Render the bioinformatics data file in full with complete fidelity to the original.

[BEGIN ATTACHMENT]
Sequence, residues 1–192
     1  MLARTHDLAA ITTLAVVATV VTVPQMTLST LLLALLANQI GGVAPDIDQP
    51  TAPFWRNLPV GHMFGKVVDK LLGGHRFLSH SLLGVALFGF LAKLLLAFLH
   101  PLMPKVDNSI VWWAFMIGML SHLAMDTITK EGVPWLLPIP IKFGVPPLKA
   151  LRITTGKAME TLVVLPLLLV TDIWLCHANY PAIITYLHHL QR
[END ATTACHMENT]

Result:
Sequence, residues 1–192
     1  MLARTHDLAA ITTLAVVATV VTVPQMTLST LLLALLANQI GGVAPDIDQP
    51  TAPFWRNLPV GHMFGKVVDK LLGGHRFLSH SLLGVALFGF LAKLLLAFLH
   101  PLMPKVDNSI VWWAFMIGML SHLAMDTITK EGVPWLLPIP IKFGVPPLKA
   151  LRITTGKAME TLVVLPLLLV TDIWLCHANY PAIITYLHHL QR